Nut milks are one of those clever little inventions that have made a huge impact upon those who are dairy free or particularly dairy intolerant. You can add nut milks to porridge, smoothies, healthier sweet treats, pancakes, tea and coffee, or to make your own dairy free version of hot chocolate. Although they can seem pretty pricey for a standard litre bottle, by going dairy-free you'll discover you don't actually need so much 'milk' in your diet anyway as you'll stop craving the foods that contained a high dairy percentage. Plus, you can make your own at home very easily. If you're a cheese lover, you can still have cheese but preferably very good quality or, try 'fresh' cheese such as Feta or Mozzarella. Those are the tastier cheeses anyway, right?
Calcium is in so many foods, such as left green vegetables which are also high in many other nutrients and protein; nuts (in particular almonds); citrus fruits; carrots; sesame seeds (try Tahini which is sesame spread and a great addition to dishes, can be used to make salad dressing or to simply dip crudités into); and chia seeds.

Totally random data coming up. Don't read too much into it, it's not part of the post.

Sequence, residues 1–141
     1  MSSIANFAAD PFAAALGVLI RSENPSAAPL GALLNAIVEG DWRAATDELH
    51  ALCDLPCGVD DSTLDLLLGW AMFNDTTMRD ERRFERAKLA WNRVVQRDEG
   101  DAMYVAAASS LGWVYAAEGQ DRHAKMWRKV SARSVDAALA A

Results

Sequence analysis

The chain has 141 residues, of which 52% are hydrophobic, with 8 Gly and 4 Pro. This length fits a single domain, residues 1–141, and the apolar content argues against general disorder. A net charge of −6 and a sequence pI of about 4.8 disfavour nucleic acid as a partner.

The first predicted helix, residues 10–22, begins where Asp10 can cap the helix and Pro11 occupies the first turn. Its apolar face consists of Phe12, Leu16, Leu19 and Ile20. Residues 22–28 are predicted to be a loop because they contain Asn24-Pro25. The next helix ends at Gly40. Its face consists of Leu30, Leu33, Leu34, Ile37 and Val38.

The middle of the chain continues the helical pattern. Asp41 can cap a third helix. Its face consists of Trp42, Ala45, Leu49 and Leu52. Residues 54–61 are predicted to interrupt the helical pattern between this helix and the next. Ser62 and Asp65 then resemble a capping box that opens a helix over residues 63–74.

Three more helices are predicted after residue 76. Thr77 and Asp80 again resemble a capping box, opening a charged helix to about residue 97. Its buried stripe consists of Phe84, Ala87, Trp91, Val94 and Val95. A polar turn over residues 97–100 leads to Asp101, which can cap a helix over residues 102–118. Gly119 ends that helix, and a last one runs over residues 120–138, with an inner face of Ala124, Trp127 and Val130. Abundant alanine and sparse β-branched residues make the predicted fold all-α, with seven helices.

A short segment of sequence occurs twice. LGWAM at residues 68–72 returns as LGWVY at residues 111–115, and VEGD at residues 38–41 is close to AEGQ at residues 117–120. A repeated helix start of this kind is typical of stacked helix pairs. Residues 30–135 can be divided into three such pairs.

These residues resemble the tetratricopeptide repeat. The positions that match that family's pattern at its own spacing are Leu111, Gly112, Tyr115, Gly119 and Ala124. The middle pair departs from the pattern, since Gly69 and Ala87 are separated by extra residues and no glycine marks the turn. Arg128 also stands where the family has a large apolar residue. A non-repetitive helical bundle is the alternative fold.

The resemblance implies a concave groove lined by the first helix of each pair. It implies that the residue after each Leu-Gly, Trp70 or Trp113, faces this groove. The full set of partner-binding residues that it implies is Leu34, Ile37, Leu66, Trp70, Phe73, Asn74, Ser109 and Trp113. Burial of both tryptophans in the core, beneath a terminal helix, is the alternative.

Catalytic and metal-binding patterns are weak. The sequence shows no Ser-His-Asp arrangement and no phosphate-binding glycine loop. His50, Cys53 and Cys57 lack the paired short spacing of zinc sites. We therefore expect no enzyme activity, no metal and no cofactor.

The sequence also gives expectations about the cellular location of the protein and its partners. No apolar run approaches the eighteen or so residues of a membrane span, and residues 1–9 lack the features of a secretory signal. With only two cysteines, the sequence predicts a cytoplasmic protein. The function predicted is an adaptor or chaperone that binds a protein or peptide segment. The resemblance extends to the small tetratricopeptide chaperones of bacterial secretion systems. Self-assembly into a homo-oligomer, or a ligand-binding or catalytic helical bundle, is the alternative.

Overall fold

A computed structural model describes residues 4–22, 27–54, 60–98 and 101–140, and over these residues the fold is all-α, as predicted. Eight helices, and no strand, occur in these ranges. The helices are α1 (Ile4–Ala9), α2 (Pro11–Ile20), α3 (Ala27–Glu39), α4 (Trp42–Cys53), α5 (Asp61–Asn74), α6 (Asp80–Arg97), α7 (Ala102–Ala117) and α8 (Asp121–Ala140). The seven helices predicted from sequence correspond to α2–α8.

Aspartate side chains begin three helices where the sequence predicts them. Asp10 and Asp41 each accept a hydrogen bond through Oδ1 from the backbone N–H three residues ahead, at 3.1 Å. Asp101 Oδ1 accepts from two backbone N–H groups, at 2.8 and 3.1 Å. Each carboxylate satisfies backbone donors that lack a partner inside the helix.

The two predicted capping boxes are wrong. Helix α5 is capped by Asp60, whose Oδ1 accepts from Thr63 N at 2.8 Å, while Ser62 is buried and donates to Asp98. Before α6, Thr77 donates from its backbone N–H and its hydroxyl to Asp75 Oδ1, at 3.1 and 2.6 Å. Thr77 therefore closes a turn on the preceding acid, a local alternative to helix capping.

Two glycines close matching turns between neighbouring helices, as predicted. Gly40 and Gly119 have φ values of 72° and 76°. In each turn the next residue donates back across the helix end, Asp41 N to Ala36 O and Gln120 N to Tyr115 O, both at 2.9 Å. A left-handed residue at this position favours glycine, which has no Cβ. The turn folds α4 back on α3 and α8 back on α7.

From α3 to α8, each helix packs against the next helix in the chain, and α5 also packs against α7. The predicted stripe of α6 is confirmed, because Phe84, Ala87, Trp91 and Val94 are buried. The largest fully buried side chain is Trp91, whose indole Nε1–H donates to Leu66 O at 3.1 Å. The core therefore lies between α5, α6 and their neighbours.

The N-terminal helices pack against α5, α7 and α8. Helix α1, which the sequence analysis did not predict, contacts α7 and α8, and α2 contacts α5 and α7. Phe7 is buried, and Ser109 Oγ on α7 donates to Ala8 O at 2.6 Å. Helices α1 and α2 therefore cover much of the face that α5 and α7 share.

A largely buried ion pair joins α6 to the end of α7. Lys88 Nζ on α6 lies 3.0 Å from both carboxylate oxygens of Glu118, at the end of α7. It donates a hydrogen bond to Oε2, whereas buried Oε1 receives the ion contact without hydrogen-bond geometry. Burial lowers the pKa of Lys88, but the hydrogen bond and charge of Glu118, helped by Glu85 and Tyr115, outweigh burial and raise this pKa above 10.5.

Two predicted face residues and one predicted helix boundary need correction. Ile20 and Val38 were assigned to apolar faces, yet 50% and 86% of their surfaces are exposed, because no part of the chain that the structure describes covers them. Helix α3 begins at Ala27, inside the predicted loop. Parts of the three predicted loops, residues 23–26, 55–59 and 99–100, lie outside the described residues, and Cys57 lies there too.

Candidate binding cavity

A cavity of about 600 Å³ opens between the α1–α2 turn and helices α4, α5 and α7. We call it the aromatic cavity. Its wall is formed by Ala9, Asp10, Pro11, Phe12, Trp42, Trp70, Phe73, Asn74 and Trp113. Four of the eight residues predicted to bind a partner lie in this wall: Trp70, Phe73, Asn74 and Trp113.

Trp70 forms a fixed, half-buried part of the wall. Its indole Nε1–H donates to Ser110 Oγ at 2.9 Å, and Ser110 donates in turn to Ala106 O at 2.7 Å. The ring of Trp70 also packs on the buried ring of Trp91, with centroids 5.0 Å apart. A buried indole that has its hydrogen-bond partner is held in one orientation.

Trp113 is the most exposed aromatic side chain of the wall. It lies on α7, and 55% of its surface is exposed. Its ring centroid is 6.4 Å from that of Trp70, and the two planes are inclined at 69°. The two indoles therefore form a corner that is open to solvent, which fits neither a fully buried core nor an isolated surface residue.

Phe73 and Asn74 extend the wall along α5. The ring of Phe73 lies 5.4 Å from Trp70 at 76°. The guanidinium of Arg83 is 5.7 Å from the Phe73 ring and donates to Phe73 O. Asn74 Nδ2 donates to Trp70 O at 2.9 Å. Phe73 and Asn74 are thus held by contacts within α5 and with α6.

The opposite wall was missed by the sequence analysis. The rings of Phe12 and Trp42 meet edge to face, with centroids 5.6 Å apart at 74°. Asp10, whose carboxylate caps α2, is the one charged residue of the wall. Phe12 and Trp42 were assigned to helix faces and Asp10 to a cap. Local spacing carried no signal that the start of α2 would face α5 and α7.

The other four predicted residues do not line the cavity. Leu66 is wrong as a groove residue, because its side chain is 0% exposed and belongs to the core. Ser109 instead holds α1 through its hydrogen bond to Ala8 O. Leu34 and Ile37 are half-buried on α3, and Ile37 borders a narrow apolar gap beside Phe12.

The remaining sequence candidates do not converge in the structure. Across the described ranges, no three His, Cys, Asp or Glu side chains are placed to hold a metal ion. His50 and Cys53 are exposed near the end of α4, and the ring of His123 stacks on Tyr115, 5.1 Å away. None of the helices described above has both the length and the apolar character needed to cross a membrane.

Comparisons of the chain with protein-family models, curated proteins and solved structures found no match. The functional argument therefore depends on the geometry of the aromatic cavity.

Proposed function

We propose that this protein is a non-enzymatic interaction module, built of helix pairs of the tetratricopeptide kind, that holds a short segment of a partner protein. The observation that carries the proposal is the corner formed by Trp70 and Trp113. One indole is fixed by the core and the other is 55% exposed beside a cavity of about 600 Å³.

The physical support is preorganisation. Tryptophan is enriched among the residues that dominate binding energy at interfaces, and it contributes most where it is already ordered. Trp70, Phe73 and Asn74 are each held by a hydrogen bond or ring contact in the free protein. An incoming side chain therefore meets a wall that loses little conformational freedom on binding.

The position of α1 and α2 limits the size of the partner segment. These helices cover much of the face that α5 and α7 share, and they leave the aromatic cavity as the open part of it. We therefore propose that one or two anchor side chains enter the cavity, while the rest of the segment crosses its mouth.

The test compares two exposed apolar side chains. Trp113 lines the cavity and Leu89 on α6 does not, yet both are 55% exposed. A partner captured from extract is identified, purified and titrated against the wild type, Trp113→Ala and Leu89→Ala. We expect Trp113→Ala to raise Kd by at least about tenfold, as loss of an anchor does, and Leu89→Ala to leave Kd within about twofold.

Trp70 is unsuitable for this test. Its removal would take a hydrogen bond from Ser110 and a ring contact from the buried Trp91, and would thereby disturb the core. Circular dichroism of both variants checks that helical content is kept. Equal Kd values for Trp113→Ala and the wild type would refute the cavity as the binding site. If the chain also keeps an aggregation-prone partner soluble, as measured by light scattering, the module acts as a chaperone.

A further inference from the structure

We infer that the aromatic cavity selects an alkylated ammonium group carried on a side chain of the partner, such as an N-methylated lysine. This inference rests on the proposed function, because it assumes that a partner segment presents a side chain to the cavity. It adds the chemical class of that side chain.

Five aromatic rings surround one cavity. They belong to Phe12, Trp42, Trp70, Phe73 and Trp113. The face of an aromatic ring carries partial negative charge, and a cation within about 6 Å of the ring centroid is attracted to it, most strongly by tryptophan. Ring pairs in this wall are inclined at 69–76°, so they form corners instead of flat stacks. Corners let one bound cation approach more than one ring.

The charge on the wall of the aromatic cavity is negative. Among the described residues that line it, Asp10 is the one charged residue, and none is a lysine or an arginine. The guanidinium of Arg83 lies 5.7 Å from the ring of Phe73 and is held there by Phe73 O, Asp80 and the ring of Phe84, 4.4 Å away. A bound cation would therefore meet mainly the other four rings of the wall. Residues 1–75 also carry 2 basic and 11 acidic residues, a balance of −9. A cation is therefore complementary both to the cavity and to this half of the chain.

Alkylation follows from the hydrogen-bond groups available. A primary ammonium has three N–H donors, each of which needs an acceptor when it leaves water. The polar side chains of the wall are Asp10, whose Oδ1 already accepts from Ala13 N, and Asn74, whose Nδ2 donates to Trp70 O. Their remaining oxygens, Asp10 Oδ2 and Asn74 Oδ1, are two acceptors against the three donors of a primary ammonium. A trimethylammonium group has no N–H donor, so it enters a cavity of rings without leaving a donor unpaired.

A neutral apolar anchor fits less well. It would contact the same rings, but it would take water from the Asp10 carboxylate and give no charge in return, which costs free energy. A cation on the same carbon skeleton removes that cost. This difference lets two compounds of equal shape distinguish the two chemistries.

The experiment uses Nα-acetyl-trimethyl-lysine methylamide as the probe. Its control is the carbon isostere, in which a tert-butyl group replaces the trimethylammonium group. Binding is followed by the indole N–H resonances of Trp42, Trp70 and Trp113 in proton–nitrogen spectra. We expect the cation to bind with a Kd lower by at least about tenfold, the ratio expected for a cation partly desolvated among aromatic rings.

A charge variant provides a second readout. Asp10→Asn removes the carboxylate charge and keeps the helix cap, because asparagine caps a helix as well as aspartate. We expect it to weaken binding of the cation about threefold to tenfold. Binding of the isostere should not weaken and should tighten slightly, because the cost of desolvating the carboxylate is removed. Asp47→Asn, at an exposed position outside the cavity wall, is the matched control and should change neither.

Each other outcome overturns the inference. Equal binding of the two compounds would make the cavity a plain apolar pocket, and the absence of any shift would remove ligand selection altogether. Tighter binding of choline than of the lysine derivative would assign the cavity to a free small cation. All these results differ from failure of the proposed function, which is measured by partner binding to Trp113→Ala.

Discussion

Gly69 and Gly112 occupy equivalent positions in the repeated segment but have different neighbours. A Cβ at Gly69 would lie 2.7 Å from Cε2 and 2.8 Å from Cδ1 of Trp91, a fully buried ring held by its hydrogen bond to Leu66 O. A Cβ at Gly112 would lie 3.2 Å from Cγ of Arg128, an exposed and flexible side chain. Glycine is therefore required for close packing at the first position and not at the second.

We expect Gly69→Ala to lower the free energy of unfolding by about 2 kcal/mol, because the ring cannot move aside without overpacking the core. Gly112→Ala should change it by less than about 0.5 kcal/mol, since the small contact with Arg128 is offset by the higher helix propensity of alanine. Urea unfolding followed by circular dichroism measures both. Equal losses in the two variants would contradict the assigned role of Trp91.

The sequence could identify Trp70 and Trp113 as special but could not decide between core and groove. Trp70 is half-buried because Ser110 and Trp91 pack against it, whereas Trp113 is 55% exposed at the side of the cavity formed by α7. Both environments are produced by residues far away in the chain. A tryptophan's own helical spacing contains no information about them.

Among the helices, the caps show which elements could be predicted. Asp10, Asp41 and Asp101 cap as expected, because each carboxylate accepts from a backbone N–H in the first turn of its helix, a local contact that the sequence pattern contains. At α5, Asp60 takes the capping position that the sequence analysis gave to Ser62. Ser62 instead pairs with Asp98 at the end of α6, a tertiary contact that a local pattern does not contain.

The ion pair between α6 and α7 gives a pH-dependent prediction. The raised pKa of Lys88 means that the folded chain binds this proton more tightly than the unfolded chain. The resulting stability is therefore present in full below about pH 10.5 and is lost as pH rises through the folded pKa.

Say no to soy
Soy milk was thought to be the healthier alternative to cow's milk for years, and still can be seen as an alternative on the menu to many coffee shops. The day soy milk is eradicated from coffee shop menus, I'll be incredibly happy! Instead, soy has caused much concern over the past few years. It can be detrimental for fertility - research has found the more soy milk a man consumes, the less chance he as to fertilise an egg.... Scary. It can also our ability to absorb certain nutrients, plus can affect thyroid function. Not only that but due to its unpleasant taste, it is incredibly high processed and sweetened to masque the taste. That 'skinny' soy milk caramel latte doesn't sound quite so great now, does it?

One step at a time
Of course, it can't be expected for anyone to be able to give up something their body has become so adapted to for their whole life. The best thing to do is take it at one step at a time. If you want to go the full shebang and say goodbye to all dairy, start by limiting milk to only a dash in your tea/coffee once or twice a week and the rest of the week try almond milk instead. Cut down on the portion sizes before you completely go cold turkey. Play around with different alternatives such as different nut milks to see which suits you best. My personal favourites are Almond Breeze Unsweetened Almond Milk and Alpro's Hazelnut Milk (liquidised Nutella, I swear).